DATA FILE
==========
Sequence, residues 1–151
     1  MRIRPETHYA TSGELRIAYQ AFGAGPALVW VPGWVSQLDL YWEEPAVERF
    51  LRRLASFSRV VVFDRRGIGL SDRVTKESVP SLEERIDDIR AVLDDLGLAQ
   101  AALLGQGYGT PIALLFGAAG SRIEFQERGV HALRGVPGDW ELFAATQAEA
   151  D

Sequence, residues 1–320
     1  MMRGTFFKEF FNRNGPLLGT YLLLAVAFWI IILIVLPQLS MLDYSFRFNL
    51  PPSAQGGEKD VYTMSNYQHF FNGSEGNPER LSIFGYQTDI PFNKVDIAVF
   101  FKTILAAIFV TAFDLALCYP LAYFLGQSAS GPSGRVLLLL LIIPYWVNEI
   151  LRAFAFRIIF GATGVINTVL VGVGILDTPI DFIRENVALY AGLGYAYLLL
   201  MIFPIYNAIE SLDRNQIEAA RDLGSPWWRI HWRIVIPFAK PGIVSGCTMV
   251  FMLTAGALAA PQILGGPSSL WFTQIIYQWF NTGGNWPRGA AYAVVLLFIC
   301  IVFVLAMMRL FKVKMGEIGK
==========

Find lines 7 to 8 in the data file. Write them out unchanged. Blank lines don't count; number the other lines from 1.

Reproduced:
     1  MMRGTFFKEF FNRNGPLLGT YLLLAVAFWI IILIVLPQLS MLDYSFRFNL
    51  PPSAQGGEKD VYTMSNYQHF FNGSEGNPER LSIFGYQTDI PFNKVDIAVF